In Fig. 8, the maximum dimensionless hydrograph peak and the corresponding rainfall structure exponent are plotted vs. the dimensionless time to peak in the case of a variable runoff coefficient. Results plotted in Fig. 8 confirm that the maximum runoff peak curve reveals the local minimum point at tp∗ of 1.29, corresponding to n of 0.26 and d∗ of 1. Referring to S∗ of 0.25, the maximum dimensionless runoff peak tends to 1.25 for long dimensionless rainfall duration ( when consequently the n-structure exponent tends to 1 (see Eqs. 24 and 26). Figure 9 illustrates the influence of different variable runoff coefficients (i.e. for instance different initial moisture conditions or different soil characteristics) on the maximum dimensionless runoff peak. Similarly to Fig. 8, the maximum dimensionless hydrograph peak (see the top graph) and the corresponding rainfall structure exponent (see the centre graph) are plotted vs. the dimensionless time to peak in the case of a variable runoff coefficient (for S∗ values of 0.25 and 0.67) together with the comparison to the case of constant runoff coefficient. The maximum dimensionless runoff peak is similar for short rainfall duration (i.e. tp∗ lower than 1.5) when the variable runoff coefficient reduces the runoff component with respect to the reference runoff case (that is, also the constant runoff case i.e. ). On the contrary, the maximum dimensionless runoff peak increases with increasing the dimensionless soil abstraction for long rainfall duration. Such behaviour is due to the rate of change in the runoff production with respect to the rainfall duration: with increasing the rainfall volume the relevance of runoff with respect to the soil abstraction rises. In other words, the n-structure exponent that maximizes the runoff peak decreases when the dimensionless soil abstractions are increased (see Eq. 27).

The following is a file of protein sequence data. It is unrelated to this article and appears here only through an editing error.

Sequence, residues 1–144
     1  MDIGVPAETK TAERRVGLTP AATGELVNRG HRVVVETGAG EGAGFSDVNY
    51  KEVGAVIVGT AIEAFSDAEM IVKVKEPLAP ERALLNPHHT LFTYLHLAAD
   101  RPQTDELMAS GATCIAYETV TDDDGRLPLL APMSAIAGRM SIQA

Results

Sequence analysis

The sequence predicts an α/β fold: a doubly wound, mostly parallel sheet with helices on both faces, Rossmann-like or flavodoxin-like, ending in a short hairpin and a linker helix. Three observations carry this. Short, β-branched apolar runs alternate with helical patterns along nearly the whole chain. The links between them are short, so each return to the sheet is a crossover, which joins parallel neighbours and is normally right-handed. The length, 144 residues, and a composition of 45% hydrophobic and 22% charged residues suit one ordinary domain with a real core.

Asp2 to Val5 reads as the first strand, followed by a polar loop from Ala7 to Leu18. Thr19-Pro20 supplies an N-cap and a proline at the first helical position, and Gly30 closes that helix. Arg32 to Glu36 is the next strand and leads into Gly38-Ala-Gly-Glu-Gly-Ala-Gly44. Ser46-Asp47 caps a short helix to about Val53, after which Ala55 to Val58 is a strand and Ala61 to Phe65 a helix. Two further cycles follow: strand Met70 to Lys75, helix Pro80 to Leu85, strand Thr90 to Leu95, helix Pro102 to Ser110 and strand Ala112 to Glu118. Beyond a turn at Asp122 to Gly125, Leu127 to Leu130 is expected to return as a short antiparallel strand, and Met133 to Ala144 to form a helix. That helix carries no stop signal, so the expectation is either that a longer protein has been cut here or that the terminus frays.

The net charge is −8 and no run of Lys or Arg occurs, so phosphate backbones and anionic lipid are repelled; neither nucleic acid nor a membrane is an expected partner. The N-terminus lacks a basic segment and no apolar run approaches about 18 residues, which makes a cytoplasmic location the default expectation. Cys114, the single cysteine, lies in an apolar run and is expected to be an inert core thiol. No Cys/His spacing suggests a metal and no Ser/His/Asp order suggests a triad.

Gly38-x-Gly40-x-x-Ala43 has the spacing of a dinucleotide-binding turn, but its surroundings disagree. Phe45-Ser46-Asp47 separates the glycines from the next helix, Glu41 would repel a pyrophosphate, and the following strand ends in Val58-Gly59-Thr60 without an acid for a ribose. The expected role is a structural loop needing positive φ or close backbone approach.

3.3 Catchment application
In order to point out the dimensionless procedure implications and to provide some numerical examples of the rainfall event structures, the proposed methodology has been implemented for the Bisagno catchment at La Presa station, located at the centre of Liguria region (Genoa, Italy).